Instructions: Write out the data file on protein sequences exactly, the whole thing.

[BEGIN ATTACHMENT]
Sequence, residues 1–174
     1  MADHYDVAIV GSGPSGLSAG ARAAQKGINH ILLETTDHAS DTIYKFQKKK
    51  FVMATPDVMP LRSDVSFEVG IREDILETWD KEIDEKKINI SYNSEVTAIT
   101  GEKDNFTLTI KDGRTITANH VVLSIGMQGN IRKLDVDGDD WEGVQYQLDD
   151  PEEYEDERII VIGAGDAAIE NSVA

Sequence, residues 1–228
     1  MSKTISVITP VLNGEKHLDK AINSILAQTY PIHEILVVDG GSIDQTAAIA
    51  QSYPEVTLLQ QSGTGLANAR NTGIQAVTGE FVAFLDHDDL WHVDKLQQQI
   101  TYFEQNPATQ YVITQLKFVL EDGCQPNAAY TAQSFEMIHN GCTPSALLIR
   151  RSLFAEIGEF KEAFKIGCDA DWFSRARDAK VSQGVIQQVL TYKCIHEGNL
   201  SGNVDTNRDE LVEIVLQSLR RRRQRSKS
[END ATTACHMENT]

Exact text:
Sequence, residues 1–174
     1  MADHYDVAIV GSGPSGLSAG ARAAQKGINH ILLETTDHAS DTIYKFQKKK
    51  FVMATPDVMP LRSDVSFEVG IREDILETWD KEIDEKKINI SYNSEVTAIT
   101  GEKDNFTLTI KDGRTITANH VVLSIGMQGN IRKLDVDGDD WEGVQYQLDD
   151  PEEYEDERII VIGAGDAAIE NSVA

Sequence, residues 1–228
     1  MSKTISVITP VLNGEKHLDK AINSILAQTY PIHEILVVDG GSIDQTAAIA
    51  QSYPEVTLLQ QSGTGLANAR NTGIQAVTGE FVAFLDHDDL WHVDKLQQQI
   101  TYFEQNPATQ YVITQLKFVL EDGCQPNAAY TAQSFEMIHN GCTPSALLIR
   151  RSLFAEIGEF KEAFKIGCDA DWFSRARDAK VSQGVIQQVL TYKCIHEGNL
   201  SGNVDTNRDE LVEIVLQSLR RRRQRSKS